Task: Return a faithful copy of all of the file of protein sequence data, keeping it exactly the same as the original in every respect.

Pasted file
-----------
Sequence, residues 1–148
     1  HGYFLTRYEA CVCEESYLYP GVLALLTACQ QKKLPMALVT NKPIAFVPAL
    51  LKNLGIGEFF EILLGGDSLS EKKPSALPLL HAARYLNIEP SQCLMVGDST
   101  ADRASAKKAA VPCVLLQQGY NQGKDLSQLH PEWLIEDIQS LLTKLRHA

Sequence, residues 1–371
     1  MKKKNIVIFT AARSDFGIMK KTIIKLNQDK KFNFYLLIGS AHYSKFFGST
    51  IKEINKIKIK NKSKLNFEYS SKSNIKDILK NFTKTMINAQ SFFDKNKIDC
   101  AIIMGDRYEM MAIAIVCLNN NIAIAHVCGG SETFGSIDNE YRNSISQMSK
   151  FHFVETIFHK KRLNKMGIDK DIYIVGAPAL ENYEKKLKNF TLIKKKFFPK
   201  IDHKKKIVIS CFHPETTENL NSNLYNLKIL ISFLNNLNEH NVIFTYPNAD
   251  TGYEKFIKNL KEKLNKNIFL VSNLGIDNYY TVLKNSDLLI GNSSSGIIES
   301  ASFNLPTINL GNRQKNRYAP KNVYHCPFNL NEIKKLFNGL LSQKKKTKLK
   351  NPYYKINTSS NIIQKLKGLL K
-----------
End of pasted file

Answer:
Sequence, residues 1–148
     1  HGYFLTRYEA CVCEESYLYP GVLALLTACQ QKKLPMALVT NKPIAFVPAL
    51  LKNLGIGEFF EILLGGDSLS EKKPSALPLL HAARYLNIEP SQCLMVGDST
   101  ADRASAKKAA VPCVLLQQGY NQGKDLSQLH PEWLIEDIQS LLTKLRHA

Sequence, residues 1–371
     1  MKKKNIVIFT AARSDFGIMK KTIIKLNQDK KFNFYLLIGS AHYSKFFGST
    51  IKEINKIKIK NKSKLNFEYS SKSNIKDILK NFTKTMINAQ SFFDKNKIDC
   101  AIIMGDRYEM MAIAIVCLNN NIAIAHVCGG SETFGSIDNE YRNSISQMSK
   151  FHFVETIFHK KRLNKMGIDK DIYIVGAPAL ENYEKKLKNF TLIKKKFFPK
   201  IDHKKKIVIS CFHPETTENL NSNLYNLKIL ISFLNNLNEH NVIFTYPNAD
   251  TGYEKFIKNL KEKLNKNIFL VSNLGIDNYY TVLKNSDLLI GNSSSGIIES
   301  ASFNLPTINL GNRQKNRYAP KNVYHCPFNL NEIKKLFNGL LSQKKKTKLK
   351  NPYYKINTSS NIIQKLKGLL K